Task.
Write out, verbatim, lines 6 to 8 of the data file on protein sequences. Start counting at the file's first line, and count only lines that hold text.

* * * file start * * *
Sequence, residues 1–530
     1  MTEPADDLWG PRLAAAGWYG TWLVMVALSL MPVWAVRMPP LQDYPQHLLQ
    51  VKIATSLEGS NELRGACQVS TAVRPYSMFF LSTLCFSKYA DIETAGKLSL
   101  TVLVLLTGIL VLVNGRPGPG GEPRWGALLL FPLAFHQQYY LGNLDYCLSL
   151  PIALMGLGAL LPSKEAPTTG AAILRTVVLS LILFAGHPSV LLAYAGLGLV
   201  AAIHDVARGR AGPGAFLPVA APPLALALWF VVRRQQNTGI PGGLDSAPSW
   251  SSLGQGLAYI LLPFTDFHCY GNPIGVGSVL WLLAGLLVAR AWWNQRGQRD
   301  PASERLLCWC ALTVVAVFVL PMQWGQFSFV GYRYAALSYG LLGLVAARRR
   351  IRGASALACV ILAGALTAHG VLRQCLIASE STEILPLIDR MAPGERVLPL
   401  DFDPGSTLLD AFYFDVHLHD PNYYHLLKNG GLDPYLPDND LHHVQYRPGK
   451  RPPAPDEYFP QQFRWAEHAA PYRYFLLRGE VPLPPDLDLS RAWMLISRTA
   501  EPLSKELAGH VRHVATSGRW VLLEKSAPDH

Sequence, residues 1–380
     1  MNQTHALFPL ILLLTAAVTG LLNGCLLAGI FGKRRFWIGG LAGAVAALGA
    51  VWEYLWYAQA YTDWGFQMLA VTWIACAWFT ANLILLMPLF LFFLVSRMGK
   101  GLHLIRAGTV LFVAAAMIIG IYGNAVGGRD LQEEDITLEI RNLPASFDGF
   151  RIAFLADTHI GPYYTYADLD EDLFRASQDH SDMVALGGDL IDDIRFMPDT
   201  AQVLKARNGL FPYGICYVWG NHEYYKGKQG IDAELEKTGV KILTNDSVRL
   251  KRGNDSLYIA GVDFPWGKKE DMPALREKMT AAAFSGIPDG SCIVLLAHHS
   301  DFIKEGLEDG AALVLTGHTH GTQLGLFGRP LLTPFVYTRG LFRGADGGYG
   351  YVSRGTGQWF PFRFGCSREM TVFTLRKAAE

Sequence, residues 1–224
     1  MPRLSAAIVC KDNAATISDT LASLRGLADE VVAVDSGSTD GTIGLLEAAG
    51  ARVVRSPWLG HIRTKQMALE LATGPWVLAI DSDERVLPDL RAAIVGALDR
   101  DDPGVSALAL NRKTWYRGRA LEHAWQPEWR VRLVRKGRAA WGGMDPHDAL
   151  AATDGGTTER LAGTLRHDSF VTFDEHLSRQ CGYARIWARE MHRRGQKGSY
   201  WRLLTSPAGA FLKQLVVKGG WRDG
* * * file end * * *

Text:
   201  AAIHDVARGR AGPGAFLPVA APPLALALWF VVRRQQNTGI PGGLDSAPSW
   251  SSLGQGLAYI LLPFTDFHCY GNPIGVGSVL WLLAGLLVAR AWWNQRGQRD
   301  PASERLLCWC ALTVVAVFVL PMQWGQFSFV GYRYAALSYG LLGLVAARRR